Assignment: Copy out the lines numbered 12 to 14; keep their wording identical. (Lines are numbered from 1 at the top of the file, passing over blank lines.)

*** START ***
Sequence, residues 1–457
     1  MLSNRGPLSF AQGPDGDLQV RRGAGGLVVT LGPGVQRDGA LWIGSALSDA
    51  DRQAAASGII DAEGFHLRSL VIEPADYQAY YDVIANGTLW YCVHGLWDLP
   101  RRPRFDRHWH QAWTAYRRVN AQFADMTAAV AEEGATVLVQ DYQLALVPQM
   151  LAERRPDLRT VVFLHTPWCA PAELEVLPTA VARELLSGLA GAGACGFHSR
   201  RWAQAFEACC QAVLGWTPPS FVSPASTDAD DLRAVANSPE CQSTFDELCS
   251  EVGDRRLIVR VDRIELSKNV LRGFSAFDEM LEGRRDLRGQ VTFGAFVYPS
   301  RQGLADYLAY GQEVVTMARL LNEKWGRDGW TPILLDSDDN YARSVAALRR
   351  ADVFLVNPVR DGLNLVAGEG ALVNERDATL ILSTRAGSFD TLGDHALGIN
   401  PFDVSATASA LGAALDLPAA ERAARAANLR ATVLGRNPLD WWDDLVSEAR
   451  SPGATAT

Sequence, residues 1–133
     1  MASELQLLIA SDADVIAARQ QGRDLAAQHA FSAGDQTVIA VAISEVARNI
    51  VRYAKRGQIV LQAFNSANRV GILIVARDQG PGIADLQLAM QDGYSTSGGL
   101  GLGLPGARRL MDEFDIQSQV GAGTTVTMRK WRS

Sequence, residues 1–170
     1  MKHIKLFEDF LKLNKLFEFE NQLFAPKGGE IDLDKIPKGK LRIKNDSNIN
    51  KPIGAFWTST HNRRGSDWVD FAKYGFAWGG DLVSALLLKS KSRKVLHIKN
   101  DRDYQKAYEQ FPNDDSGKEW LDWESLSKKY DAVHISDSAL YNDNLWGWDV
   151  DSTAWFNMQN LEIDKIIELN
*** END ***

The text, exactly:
Sequence, residues 1–133
     1  MASELQLLIA SDADVIAARQ QGRDLAAQHA FSAGDQTVIA VAISEVARNI
    51  VRYAKRGQIV LQAFNSANRV GILIVARDQG PGIADLQLAM QDGYSTSGGL